War came in Palermo, Sicily. "I remember hearing shelling in the distance...the cold fear in the pit of my stomach. I didn't allow myself to think...to feel anymore. I cared for nothing...except the 9th Infantry Division, 60th Regiment Headquarters Company. It rolls off my lips with pride." German artillery pounded his company in Sicily, and he scrambled for cover where he met Bill Craig from the much larger Class AA Trinity High School. Mario's Avella team won 5-0, and he scored all the points with a 53-yard field goal and a two-point safety.
"My teammates carried me off the field. I won my scholarship to Waynesburg College that night." The scholarship was Mario's ticket to his dream of playing professional football. Coaching was a part of him and he trained boxers in England. "We were the undefeated division champion of the 9th Division boxing team."
If you played for Mario, you gave it your best in everything you did, all the time---no excuses, no lip. You just did it---period. His was a strict Italian upbringing.
"I did my job and I did it well. That's what my dad expected of me, and I wanted him to be proud of me." He never used a bazooka before and he wasn't sure if all the others intentionally tried to miss the target but ..."in everything I did, I tried to do my best."
He carried this six- to eight-foot "stovepipe" into battle.
He landed in Normandy on June 10, 1944. "As soon as we started to move inward, we saw bodies of paratroopers hanging from their chutes in the trees...some covered with them on the ground. Gliders were all over the place; smashed bodies clearly seen with no time to move them out. There were many German soldiers left behind. I had guard duty and two men had their throats cut, killed the first night. I got my sleep wherever and whenever possible. I wanted to sleep under a tree but no-good, airburst would get you. I thought about the woods-no, same."
Shelling started at 7 a.m. on June 15, 1944 and before nightfall, his future, life, and dreams would forever change.
His patrol ran into a platoon of 13 men coming from where they had heard shooting. "The leader, the next soldier, and all 13 men behind him had a bullet in or through them. "They tell us we are in no man's land ... in enemy territory and there are snipers in the trees, as well as machine-gun emplacements." Bullets went whizzing by his head and he dove for cover. "I watched daisies swaying back and forth in the soft breeze. I remember birds chirping. And I started thinking about home, about football, going home."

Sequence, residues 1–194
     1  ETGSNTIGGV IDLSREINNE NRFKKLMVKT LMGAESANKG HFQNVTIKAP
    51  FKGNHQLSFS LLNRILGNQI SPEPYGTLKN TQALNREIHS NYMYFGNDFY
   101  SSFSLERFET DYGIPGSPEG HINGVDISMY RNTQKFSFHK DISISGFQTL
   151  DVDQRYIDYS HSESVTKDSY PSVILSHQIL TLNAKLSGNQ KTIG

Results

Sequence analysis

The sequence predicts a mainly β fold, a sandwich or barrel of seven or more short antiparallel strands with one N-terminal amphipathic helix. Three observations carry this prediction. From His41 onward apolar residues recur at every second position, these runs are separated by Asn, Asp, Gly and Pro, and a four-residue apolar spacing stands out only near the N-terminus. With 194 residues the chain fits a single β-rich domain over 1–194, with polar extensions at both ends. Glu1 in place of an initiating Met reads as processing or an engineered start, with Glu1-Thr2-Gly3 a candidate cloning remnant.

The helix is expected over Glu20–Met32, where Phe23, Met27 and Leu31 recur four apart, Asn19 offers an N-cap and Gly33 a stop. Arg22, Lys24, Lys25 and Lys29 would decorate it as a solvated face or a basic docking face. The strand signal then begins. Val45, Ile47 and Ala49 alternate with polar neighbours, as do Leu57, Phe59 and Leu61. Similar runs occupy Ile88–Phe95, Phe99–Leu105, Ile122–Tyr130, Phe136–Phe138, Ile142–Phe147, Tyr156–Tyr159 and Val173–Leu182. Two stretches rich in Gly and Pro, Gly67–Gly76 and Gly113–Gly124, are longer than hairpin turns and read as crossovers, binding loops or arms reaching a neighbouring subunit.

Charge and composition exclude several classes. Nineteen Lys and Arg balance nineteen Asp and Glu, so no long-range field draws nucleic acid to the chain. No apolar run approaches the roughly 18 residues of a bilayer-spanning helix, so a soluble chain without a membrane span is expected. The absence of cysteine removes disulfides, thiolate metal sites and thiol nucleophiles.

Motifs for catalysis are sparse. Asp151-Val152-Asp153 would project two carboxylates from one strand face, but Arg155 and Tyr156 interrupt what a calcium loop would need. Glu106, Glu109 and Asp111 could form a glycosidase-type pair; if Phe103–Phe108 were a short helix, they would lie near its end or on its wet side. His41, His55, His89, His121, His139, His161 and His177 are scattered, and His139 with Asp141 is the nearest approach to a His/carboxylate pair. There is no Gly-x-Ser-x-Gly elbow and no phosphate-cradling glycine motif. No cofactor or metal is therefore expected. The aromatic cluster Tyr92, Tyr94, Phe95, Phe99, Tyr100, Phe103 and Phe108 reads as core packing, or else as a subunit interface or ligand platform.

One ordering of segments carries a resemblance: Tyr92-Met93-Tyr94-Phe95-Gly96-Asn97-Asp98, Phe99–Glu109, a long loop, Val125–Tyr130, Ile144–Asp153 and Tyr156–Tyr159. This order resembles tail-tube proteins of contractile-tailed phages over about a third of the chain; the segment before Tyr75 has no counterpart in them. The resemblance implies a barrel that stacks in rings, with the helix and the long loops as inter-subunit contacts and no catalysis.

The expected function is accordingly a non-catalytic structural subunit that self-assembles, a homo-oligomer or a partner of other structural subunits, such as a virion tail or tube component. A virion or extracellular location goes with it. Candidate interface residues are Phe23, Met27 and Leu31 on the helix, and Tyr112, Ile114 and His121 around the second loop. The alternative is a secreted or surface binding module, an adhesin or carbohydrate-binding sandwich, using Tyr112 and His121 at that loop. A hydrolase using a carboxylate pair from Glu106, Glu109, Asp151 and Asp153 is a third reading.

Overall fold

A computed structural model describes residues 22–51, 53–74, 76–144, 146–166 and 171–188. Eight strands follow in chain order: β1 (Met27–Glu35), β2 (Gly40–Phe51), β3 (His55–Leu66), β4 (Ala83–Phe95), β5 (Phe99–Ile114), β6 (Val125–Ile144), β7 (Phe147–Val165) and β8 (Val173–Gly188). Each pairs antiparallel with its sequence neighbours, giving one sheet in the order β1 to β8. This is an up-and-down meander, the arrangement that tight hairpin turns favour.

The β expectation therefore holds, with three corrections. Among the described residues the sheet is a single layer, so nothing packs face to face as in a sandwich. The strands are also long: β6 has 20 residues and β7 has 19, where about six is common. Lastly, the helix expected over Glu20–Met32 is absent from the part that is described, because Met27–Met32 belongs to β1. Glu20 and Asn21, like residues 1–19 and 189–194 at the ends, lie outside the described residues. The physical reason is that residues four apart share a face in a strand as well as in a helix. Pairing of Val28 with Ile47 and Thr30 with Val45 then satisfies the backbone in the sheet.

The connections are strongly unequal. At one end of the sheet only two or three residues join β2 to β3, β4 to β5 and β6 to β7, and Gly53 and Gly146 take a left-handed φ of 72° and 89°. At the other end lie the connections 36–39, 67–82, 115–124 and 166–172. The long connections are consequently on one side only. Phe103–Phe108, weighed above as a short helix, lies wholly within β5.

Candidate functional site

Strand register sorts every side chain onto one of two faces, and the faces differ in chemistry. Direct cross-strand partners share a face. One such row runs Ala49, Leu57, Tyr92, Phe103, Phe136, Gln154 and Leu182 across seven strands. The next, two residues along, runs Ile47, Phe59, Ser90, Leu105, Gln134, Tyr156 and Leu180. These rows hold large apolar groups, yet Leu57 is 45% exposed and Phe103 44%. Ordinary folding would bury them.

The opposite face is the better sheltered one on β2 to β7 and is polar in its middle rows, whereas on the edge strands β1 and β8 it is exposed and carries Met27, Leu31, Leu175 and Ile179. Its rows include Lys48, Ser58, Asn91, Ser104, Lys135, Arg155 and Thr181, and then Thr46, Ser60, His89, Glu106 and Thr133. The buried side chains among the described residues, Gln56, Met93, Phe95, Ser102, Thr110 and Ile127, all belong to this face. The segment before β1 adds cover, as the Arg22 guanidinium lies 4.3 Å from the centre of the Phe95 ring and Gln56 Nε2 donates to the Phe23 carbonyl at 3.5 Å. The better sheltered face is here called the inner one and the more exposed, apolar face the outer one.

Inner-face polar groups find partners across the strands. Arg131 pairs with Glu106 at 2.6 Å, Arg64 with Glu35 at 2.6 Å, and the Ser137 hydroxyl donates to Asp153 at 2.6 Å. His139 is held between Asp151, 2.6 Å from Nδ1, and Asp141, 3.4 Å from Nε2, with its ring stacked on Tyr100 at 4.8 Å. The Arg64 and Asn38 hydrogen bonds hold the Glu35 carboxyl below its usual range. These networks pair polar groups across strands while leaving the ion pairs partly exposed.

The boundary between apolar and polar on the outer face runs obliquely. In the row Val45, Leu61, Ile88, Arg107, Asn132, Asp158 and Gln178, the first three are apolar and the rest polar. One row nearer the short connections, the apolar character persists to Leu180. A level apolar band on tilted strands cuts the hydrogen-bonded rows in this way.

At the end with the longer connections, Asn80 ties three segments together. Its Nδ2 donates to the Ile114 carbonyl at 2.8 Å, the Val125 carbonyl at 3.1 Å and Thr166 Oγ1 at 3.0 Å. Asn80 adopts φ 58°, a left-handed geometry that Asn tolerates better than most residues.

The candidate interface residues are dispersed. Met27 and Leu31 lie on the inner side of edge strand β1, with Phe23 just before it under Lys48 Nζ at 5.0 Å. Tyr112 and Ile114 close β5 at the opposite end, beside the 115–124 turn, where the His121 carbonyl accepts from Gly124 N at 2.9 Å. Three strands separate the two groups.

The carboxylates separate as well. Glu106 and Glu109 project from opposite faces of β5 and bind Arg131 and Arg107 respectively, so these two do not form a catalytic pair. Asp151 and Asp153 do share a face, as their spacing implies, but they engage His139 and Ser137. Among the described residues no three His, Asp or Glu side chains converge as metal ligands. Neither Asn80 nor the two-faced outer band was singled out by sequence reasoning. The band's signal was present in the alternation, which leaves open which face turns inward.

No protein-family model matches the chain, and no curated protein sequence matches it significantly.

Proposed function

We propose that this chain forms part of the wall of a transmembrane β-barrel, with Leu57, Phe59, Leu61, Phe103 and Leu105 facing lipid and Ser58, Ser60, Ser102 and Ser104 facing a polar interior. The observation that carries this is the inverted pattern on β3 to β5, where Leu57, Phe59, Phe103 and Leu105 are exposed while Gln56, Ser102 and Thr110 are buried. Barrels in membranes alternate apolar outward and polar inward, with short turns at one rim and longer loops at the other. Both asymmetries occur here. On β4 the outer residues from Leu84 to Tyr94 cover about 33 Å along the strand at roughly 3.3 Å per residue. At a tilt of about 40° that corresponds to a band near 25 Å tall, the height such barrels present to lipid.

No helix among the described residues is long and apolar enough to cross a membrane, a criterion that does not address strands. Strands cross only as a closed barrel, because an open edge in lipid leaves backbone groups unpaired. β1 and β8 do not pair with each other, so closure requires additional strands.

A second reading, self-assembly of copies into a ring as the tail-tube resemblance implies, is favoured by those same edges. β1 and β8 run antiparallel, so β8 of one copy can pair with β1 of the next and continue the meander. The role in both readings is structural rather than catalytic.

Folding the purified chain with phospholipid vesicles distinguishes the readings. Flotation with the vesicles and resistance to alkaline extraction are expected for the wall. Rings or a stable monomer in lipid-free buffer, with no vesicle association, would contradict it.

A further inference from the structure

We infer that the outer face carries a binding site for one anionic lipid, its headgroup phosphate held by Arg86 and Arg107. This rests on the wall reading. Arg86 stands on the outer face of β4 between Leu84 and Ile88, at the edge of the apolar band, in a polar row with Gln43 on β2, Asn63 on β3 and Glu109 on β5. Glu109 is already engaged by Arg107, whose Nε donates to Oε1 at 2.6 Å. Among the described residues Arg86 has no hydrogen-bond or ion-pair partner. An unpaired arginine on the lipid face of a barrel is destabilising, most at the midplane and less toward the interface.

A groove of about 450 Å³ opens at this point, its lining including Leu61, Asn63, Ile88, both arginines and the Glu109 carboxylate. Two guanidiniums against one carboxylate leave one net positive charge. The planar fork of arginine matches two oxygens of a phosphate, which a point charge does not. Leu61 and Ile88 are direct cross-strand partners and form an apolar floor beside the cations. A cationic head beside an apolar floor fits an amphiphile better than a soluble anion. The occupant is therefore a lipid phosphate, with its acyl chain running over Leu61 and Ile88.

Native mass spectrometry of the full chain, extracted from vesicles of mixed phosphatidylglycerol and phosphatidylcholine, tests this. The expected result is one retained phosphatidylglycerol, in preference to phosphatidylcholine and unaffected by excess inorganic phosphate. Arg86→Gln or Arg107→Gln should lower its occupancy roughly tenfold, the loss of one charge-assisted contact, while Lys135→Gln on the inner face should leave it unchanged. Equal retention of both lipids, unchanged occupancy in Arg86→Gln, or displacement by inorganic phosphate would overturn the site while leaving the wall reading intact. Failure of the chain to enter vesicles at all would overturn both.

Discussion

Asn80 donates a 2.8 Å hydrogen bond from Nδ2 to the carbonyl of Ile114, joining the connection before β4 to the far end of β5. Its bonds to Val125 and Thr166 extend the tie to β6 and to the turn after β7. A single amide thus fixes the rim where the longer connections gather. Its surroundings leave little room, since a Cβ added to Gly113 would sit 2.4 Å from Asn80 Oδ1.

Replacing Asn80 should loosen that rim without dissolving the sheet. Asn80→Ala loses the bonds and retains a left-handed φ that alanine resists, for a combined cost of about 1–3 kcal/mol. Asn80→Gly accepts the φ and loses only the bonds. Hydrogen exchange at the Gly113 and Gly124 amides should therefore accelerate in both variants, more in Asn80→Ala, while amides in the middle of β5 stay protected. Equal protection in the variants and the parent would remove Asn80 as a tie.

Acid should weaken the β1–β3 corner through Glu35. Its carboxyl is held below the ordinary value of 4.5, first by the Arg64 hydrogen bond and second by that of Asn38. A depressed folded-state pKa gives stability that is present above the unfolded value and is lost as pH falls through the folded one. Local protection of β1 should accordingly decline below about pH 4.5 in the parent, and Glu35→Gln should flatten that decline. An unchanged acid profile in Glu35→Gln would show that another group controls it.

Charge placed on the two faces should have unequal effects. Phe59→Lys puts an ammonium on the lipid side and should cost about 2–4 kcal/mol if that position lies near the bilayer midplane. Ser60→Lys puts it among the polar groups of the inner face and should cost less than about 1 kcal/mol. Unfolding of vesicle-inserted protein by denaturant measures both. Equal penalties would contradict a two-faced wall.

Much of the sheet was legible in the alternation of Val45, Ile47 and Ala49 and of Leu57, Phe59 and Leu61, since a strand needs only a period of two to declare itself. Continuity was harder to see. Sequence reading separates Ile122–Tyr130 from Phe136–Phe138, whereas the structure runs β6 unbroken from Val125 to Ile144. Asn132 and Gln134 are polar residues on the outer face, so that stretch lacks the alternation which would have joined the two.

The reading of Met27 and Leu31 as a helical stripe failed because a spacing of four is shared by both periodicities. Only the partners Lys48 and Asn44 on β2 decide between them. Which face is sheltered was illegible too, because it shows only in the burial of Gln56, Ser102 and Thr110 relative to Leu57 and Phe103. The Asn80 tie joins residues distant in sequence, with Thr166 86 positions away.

His patrol started moving and then "screeching overhead pierced my eardrums. Artillery! Heavy land artillery - 88 mm shells! Three fired sequentially. The first landed over my head to the rear and the next shell fell in front of my position. I didn't see or hear the third shell. It hit right on top of me. I felt myself flying through the air. I remember hitting the ground."
"I felt no pain. I opened my eyes. I was thinking about a Humphrey Bogart movie I had seen. I thought this is it. I am dying. I said aloud, "God, don't let me die.' ... I yelled, Medic. Mike, will I lose my leg? He never looked at me ... said nothing. My right leg was gone--blown off by the 88 mm shell. From then on, it seemed that I kept dreaming of running. I could not stop running."
"They stuck my bayonet into the ground, a blood plasma bag attached to it. I looked around to see hundreds and hundreds of bayonets stuck into the ground, and all around men crying and groaning."
When he arrived home, it was in a wheelchair with crutches to the side, a wooden leg, and his good leg in a brace.
"The shock and grief was on all the faces of my family and friends. ... But I was proud. I wore my uniform when they came. I was still Mario Gabrielli of Avella, Pennsylvania, proud to have had a chance to do my part for a better world, for my country, for my family, for my sisters, for my town, for my friends."
Mario found a county job, married, and became postmaster of the town he loved. He marched proudly at the front of each Avella parade looking straight ahead like he was marching into battle.
I visited Mario in the spring of every year when I played College and Pro ball. He would ask endless questions. His face and eyes showed a kid's excitement. I never said to Mario what I would say to him today but we both knew. When it was over, we exchanged hard punches with Mario always throwing the first.
Mario died of a massive heart attack on August 8, 1992. He was my little league football coach and he was my hero.
We miss you pal.